sanctity of property, but the effects that the proposed property
destruction will have on principled mass nonviolent action. In
most cases, property destruction only makes sense for small groups,
such as the Plowshares activists.
You Can't Repeat the Last Action Success
Demonstrators learn from their successes. So do authorities. Tactics that were successful and novel, that confused authorities, captured the public imagination, and attracted thousands of new participants can't simply be duplicated or just made bigger and better. Some authorities are smart, creative, and able to plan effectively to remedy their past mistakes. Each action should be looked at with fresh eyes. The site and the physical, political, social, and economic circumstances determine tactics. Consider, for example, occupation, reclamation, grand march to civil disobedience, encirclement, and action at multiple sites. Avoid military thinking and find nonviolent metaphors, e.g., reclamation and community building, instead of mere occupation.
What's decisive in an action is soul force not physical
force. Examine opportunities to change the tactical shape of the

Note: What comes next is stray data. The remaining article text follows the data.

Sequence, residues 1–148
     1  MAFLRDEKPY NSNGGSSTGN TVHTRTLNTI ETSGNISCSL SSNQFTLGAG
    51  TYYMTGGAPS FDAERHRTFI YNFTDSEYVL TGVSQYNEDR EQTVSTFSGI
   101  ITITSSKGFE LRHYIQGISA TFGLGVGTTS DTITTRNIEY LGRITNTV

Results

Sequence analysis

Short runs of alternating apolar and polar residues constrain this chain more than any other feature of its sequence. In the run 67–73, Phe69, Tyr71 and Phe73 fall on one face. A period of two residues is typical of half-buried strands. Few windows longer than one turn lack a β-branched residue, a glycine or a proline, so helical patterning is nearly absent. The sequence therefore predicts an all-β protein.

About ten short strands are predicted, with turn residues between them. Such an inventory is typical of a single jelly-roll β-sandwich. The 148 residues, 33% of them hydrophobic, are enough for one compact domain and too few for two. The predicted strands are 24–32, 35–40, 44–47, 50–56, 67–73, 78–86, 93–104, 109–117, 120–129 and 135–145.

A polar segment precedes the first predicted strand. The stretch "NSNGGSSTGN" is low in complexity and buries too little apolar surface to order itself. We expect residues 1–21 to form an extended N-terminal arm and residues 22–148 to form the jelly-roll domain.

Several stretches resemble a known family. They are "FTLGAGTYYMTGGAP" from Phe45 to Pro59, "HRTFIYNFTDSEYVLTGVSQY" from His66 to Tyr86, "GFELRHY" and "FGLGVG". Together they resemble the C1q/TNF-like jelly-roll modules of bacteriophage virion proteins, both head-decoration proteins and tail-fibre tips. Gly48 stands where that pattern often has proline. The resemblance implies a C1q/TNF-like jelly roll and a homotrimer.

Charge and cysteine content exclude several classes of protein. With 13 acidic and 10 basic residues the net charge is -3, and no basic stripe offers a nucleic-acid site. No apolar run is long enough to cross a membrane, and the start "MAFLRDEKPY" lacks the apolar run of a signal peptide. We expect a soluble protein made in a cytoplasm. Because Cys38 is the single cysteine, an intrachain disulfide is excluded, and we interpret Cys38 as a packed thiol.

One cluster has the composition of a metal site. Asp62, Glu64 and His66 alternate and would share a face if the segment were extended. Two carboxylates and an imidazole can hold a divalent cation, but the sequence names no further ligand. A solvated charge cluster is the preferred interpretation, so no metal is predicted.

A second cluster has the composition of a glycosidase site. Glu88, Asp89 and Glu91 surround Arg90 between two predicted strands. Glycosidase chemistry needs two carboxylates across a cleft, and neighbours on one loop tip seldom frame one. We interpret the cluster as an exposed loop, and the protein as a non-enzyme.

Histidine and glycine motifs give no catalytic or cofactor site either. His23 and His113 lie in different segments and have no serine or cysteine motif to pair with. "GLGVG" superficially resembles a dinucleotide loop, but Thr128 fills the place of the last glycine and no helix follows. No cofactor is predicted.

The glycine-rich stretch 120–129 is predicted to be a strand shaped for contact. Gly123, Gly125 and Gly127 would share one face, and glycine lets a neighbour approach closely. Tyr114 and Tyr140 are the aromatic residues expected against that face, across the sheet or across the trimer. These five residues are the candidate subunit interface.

action. In the traditional action, the authorities are on the
inside and the demonstrators circle the castle, but by spreading
out the sites and focus of the action demonstrators can be on
the inside, moving back and forth between action sites. Since
our opponents' facilities are typically many, combining
an action site on the west side of town with one on the east side
can create dynamic new possibilities. That's nonviolent
The Participant You Need May Be the Next One Recruited
One success of Seattle was in forging a broad coalition of disparate groups ranging from the AFL-CIO to the Rain Forest Action Network and using the programs and energies of these groups to offer a week-long smorgasbord of conferences, street theater, rallies, marches, art, demonstrations, and nonviolent direct action. Over time, it's crucial to reduce the distance groups may place between themselves, their members and the action.